In this Perugino’s fresco, a rod is accompanied by white doves, a serpent, and a carriage. But, moreover, it is held by its very synonym: Moon-Diana.
This painting is part of a monumental cycle of frescoes inside Collegio del Cambio in Perugia, Perugino’s hometown (1). Painted from 1496 to 1500, it is known as Perugino’s masterpiece, and he probably had the feeling since he placed his auto-portrait, accompanied by a self-satisfied latin inscription, facing his triumph in the opposite pillar.
The “volta della Sala delle Udienze”, or audience hall’s vault, is covered by the seven planets represented by the seven major classical deities. Apollo, like the Sun, is in the center. Commonly, this painted vault is taken as an example of a Universe representation. Nevertheless, one can be puzzled by the main topic of the fresco on the walls: a virtues representation, that’s to say, the four cardinal ones – Prudence, Justice, Strength, and Temperance – and the theological three – Faith, Hope, and Charity. Most modern art critics run over this strange blend, saying being a merging of classical and catholic knowledge.
Almost all agree that these Perugino frescoes are the Italian humanistic painting masterpiece, only surpassed by Raffaello Sanzio’s, Perugino’s pupil, Vatican Rooms. They are right; nevertheless, they fail to understand the real essence of humanism since the revived interest in ancient Greek and Roman thought wasn’t detached from supernatural matters. Planets and Virtues could not be in connection but through a hermetic line of thinking.
In fact, why give a rod to the Moon if she is not our Moon? We have already mentioned rod symbolism and see how this sign may take origin from the biblical Moses episode of the water springing out of a rock (2). And how salts volatilization, during distillation or sublimation, is involved (3). But in Perugino’s Moon representation, we know precisely when the first rod does start: from the preliminary works.
The Moon, in Alchemy, stands for several meanings. Of course, the rule of three gives her many possibilities (4), where she represents our essential salt volatilization and the transformation from raw matter to our Secret Fire/Mercurius. Our Water, even if not in a liquid state.
Now, we have two ways to go to try to explain the symbology of this painting: the first is operational alchemy, already mentioned above, and the second is mythological. In Albrecht Dürer and the Backwards Apollo, I have sketched the character of Diana/Artemis, Apollo’s twin sister. Indeed, Olympus’ great nocturnal huntress represents the moon’s phases. But that’s not enough.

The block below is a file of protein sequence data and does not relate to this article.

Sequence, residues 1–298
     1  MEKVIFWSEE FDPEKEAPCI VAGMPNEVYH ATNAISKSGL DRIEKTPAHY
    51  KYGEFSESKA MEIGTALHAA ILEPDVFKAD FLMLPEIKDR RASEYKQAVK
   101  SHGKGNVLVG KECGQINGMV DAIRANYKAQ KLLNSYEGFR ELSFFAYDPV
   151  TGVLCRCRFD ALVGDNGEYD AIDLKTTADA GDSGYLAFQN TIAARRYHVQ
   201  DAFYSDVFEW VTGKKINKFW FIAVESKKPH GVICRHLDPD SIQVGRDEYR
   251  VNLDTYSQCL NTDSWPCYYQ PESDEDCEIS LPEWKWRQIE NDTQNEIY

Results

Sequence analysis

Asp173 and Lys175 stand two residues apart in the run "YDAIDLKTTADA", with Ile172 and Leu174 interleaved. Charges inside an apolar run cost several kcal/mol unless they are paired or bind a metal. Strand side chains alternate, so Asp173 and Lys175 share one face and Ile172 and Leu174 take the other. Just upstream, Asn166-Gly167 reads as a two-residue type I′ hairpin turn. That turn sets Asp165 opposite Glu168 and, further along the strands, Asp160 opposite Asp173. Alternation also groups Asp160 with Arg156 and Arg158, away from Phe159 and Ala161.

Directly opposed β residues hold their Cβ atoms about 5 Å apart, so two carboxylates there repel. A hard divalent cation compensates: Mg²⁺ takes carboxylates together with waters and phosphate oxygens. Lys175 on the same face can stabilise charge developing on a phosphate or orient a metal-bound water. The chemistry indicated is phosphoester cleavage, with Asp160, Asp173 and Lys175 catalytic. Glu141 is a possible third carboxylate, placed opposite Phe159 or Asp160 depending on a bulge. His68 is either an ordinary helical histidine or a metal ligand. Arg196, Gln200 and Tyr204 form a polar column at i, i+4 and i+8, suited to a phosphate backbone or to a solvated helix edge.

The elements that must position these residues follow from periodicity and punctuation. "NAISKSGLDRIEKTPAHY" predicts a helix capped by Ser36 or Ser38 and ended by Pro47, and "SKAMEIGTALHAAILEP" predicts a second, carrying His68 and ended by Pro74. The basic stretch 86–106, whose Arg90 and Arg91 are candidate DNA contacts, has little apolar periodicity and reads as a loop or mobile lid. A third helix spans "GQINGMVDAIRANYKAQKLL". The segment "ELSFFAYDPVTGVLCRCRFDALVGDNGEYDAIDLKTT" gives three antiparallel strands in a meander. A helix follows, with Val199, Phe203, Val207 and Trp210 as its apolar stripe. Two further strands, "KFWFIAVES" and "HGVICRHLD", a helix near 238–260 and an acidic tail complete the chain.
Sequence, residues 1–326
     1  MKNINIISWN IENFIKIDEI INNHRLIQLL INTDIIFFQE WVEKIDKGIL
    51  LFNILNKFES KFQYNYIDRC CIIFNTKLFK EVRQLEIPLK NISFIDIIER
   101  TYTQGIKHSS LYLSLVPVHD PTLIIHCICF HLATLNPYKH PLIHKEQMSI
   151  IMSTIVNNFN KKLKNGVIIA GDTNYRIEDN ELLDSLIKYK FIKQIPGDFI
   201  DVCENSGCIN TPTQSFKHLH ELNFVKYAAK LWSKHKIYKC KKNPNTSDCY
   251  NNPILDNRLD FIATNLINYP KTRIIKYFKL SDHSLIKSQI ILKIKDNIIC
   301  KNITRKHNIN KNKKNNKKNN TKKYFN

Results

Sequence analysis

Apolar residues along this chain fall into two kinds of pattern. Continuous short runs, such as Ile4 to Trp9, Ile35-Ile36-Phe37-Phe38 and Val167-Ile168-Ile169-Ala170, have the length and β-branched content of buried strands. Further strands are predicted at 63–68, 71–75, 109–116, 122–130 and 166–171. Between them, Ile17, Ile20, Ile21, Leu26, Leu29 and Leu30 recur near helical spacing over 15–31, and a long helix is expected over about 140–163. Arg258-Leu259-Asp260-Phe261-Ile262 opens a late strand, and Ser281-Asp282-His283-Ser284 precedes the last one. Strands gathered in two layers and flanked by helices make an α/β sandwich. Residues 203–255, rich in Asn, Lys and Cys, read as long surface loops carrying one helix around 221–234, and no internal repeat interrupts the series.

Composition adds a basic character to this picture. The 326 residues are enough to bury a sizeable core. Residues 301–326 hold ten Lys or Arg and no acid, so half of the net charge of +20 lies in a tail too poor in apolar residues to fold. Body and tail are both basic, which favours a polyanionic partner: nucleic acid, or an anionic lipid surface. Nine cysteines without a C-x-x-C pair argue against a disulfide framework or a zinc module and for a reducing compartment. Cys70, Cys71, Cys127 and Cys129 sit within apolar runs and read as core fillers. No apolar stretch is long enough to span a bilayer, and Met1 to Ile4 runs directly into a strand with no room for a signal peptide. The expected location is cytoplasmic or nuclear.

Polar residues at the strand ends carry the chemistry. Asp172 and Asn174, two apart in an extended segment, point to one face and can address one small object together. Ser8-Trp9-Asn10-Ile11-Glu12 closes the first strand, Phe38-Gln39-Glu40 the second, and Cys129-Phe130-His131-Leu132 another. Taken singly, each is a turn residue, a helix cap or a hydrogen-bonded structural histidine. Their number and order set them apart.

In this Perugino’s fresco, a rod is accompanied by white doves, a serpent, and a carriage. But, moreover, it is held by its very synonym: Moon-Diana. This painting is part of a monumental cycle of frescoes inside Collegio del Cambio in Perugia, Perugino’s hometown (1). Painted from 1496 to 1500, it is known as Perugino’s […]
The Moon, our Moon, is not separated from the other planets-deities in this artwork. Each of them stands for a given operation. The Moon is the first, and the Sun-Apollo is the final goal, the successful end of our alchemical works. Most important: all the planets and deities here represented are nothing more and nothing less than our initial Moon/Mercurius transmuted to our final Sun/Perfect Red through all the others. That’s the meaning of the carriages they are all traveling on.
We see the evidence of a Moon representation just by the latin “Luna” inscription under the lunar scythe and the sign of astrological cancer on the carriage wheel. But the white woman, so immodestly painted nude, is unquestionably Diana, Apollo’s sister.
Diana is in the mainstream of hunting female deities, like Atalanta (5). Hunters are looking for victims to dissolve; their bows represent our Universal Dissolvent.
The two serpents brought along by Diana’s servants represent caduceus, which we will discuss when discussing Asclepius. For the moment, note the typical flowing movements of serpents: that of watery substances.
Diana’s white garment is referred to as the white color of our Mercurius coming out of the putrefaction black ( see an Opus Magnum scheme). The doves stand for this “whiteness” suddenly appearing on the surface of the black mass as though it has landed from the sky.
Finally, the rod, which might look like an arrow just for the presence of the bow on the other hand of the Goddess, but it is not. It is a rod, indeed, as well as a scene summary. It is Diana, our dissolving hunter. As solemnly declared by the griffins ( other symbols of Mercurius) around the frame.
- See also Pietro Perugino and the Black Horned Motherhood ;
- Raffaello Sanzio and a Rod Semantics and Cemetery of Priscilla and the Alchemical Rod Origin ;
- Benedetto Mazzotta and Rods Celebrating a Headpiece ;
- See also Sun & Moon at the Turn of the First Millennium , Philosophia Reformata, Father Sun & Mother Moon , Kriegsmann/ Sun, Moon, Wind and Earth in Tabula Smaragdina , Stoll, the Lacinius Translator on Male and Female Elements ;
- Atalanta Fugiens and the Golden Apples ;